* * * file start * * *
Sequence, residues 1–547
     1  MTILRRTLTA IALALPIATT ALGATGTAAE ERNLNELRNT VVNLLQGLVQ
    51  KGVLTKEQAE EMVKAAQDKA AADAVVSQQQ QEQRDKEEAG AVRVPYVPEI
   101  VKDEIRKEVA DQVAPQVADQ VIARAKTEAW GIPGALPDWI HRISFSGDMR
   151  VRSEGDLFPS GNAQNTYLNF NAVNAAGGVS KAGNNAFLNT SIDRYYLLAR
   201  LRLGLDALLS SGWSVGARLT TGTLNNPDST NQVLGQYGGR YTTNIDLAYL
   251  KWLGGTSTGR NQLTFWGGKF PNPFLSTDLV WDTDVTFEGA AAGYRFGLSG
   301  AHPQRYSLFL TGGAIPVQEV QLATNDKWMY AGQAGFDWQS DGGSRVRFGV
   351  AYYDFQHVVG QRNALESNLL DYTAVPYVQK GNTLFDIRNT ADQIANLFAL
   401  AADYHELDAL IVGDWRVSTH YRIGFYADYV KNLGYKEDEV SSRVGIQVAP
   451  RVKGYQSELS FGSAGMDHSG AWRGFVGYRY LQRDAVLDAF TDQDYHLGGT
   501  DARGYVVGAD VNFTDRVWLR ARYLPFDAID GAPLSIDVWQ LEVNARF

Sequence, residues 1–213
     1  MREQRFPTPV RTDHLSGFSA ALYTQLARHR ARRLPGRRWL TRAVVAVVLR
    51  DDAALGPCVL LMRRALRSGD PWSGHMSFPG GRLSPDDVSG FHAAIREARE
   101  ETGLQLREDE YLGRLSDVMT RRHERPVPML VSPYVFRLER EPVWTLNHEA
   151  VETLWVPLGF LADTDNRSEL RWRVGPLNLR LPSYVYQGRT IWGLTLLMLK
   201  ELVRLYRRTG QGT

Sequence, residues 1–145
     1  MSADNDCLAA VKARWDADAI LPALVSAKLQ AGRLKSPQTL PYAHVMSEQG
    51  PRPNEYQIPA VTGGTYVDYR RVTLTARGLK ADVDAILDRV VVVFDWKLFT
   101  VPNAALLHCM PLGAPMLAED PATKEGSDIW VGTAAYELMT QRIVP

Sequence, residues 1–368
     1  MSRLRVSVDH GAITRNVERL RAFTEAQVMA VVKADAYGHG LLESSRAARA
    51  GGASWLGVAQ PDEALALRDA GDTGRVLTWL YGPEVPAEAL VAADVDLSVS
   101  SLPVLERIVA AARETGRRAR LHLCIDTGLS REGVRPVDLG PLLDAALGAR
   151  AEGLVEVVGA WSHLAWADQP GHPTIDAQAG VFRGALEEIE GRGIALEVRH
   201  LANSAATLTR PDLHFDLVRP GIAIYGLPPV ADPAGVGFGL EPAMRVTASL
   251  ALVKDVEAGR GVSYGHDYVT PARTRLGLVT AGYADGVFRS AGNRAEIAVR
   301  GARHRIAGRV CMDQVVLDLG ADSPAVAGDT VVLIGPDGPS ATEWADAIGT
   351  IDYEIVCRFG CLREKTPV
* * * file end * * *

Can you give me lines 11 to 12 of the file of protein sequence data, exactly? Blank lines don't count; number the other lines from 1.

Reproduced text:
   451  RVKGYQSELS FGSAGMDHSG AWRGFVGYRY LQRDAVLDAF TDQDYHLGGT
   501  DARGYVVGAD VNFTDRVWLR ARYLPFDAID GAPLSIDVWQ LEVNARF